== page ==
The Scottish wilderness has suffered over many centuries from insensitive land management, including managing the land for hunting, farming, forestry and simple neglect. We all need to help to reverse the damage that has been sustained by creating a network of healthy ecosystems which link up and retain communities of native species across Scotland. This can only be achieved through:
- Restoring and enhancing degraded habitats
- Protecting remaining wildlife-rich landscapes
- Re-introducing the missing (extinct) species
- Inspiring and engaging people in wildlife and conservation
Highland Titles is already successful in three of these objectives at its two nature reserves and in the communities in and around Glencoe and Ballachulish.
In the current economic climate we cannot rely on government to provide financial support for landscape-scale action for wildlife. Indeed waiting for government to take control was never a good idea. Government cannot afford to offend the large landowners, many of whom are a part of the problem. Maintaining a large percentage of the Highlands of Scotland as shooting estates has served ecology ill. Managing the land for deer and grouse is not conducive to a healthy ecosystem as artificial numbers can only be maintained at the expense of the environment and with the culling of “vermin”. Government agencies such as SNH and charities that rely overmuch on government cash, such as the National Trust for Scotland, are unable or unwilling to oppose the status quo and Scotland suffers as a result. The phrase “Bought and sold for English gold” is as true today as it was when Burns penned the words three hundred years ago.
Scotland’s communities, with support from local businesses, must learn the real economic and social value of the environment
The key threats to ecosystem health are particularly:
- loss of valuable wildlife habitats to development
- invasive non-native species
- absence of large herbivores such as moose (Alces alces), aurochs (Bos primigenius), reindeer (Rangifer tarandus) and tarpan (Equus ferus ferus)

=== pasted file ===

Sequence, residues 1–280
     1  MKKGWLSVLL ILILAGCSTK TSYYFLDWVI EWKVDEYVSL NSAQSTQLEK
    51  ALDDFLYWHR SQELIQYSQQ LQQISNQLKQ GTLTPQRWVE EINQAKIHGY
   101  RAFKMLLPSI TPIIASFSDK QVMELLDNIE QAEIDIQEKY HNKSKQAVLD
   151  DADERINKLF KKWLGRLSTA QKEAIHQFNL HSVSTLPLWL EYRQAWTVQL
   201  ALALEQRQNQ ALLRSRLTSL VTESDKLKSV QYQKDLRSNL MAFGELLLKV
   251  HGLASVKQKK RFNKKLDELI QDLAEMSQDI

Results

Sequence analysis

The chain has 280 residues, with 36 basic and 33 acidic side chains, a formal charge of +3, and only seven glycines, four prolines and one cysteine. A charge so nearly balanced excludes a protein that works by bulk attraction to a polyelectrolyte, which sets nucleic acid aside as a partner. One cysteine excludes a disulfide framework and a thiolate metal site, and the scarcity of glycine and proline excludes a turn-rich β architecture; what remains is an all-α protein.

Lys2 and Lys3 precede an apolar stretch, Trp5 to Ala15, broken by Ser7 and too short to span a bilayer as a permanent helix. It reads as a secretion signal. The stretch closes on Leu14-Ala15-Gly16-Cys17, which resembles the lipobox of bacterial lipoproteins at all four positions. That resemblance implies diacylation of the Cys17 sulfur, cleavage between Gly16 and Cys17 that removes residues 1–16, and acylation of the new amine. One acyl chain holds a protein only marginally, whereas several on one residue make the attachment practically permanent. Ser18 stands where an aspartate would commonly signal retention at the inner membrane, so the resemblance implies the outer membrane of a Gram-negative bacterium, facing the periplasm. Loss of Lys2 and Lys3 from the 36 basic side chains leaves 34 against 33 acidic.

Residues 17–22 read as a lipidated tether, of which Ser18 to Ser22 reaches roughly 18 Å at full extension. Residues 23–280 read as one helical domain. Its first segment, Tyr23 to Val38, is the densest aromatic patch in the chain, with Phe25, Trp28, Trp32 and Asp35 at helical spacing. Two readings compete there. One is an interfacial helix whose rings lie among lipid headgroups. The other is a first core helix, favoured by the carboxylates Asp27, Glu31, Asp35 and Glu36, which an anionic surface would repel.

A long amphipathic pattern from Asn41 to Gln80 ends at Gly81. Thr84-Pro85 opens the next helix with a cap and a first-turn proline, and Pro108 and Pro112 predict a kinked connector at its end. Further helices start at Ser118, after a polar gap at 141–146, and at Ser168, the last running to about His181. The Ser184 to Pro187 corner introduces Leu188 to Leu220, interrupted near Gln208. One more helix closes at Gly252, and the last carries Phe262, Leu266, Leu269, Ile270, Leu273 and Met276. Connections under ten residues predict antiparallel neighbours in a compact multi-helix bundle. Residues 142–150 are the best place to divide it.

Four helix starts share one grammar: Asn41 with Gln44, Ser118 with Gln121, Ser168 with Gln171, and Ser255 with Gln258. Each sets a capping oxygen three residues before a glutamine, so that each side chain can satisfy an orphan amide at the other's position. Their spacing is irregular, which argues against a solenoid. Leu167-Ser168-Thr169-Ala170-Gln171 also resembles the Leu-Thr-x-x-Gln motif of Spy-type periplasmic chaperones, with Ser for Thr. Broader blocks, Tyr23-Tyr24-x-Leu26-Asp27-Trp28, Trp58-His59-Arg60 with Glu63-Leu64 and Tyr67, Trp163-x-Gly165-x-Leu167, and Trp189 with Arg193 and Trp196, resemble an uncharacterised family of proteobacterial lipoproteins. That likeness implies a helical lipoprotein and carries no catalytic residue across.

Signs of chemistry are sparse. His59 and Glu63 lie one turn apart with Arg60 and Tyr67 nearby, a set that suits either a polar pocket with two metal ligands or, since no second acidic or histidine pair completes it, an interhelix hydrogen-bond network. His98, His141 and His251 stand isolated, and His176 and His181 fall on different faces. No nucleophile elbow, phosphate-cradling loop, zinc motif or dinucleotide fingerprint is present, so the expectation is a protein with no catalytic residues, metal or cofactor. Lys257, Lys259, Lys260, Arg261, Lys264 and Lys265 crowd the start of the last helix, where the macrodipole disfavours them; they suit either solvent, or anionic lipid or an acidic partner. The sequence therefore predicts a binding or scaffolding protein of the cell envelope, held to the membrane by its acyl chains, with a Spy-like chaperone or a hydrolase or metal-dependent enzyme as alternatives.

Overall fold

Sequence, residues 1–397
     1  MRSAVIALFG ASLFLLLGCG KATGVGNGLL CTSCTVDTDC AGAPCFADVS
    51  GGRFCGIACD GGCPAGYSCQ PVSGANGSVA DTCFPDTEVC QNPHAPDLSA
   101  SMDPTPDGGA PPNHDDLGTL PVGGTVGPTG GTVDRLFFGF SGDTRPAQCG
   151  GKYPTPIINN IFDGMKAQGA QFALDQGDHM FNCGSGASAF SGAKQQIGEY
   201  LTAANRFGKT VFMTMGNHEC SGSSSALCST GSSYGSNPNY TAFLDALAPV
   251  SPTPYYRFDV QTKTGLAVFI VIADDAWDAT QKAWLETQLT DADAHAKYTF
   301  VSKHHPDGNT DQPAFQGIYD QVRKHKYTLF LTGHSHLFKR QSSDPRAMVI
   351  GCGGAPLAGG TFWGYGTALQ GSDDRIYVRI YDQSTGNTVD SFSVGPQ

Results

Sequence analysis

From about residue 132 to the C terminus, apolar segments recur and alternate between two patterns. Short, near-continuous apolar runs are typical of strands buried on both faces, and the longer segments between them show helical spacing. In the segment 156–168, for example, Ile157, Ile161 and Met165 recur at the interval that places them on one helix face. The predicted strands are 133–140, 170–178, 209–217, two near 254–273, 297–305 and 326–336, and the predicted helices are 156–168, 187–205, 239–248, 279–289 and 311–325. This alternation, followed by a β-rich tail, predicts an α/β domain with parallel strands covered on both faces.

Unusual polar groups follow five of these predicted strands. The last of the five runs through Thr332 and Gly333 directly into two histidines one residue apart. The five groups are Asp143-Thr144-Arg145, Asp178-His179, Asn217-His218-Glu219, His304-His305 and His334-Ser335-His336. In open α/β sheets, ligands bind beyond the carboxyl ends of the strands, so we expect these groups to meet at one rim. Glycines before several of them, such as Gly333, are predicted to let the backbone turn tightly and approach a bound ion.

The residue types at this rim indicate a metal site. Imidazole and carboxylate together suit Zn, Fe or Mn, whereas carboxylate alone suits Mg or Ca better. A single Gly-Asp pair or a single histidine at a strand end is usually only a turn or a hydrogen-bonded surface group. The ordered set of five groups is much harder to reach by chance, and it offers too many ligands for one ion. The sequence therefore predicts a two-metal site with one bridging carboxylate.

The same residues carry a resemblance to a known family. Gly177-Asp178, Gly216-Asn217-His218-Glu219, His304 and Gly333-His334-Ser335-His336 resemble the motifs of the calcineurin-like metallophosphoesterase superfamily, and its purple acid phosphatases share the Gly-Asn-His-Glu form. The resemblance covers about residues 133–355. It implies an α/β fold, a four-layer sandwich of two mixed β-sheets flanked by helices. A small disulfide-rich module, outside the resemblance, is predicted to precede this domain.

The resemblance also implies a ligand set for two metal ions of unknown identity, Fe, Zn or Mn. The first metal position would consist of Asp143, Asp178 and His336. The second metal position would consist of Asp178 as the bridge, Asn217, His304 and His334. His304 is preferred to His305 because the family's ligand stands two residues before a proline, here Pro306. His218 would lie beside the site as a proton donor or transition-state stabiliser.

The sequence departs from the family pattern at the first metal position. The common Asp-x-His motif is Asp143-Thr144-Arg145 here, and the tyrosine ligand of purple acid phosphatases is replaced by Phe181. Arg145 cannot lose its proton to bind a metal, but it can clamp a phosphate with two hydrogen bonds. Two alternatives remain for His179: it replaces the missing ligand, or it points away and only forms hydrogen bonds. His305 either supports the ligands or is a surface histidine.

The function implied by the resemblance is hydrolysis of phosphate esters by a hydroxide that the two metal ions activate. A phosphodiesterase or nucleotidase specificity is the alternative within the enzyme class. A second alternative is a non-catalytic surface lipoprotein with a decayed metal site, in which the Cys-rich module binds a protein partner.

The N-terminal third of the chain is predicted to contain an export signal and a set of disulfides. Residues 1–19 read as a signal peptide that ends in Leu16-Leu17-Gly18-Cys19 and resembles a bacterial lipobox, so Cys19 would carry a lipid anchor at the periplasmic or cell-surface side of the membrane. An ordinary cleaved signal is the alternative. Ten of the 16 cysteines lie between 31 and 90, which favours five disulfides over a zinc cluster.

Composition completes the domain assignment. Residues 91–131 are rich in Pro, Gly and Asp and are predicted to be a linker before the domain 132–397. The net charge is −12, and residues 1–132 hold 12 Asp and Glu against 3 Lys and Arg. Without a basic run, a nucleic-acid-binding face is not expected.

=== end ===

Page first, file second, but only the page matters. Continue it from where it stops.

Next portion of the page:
- over-grazing by sheep and deer –
- – caused by the absence of top predators
- highly fragmented habitats with unsustainable populations
- poor land management practices
Herbivores play a vital role in maintaining a rich ecosystem. Humans have shifted the balance to the point where some herbivores have been lost and we have excessive populations of others. Thus has a profound effect on the ecology.
How can Highland Titles help?
Business has a vital role to play in achieving this vision. I created Highland Titles to raise funds and create community at a local and international level to make it happen. We are helping by:
- Championing conservation
- Establishing a network of community Nature Reserves across Scotland
- Helping other organisations who want to manage land for wildlife
- Acting directly to conserve wildlife and wild places
- Funding the reintroduction of missing species
- Supporting the Scottish Biodiversity Strategy
On our nature reserves we are:
- Managing our land for present and future generations
- Safeguarding and enhance the native habitats and species of Scotland
Through education and communications we are:
- Promoting the gathering and sharing of information on wildlife habitats and species
- Encouraging people to see, learn about and enjoy wildlife
- Creating opportunities for greater involvement in wildlife conservation
You can find out what practical steps Highland Titles are taking to realise this vision in our second five year plan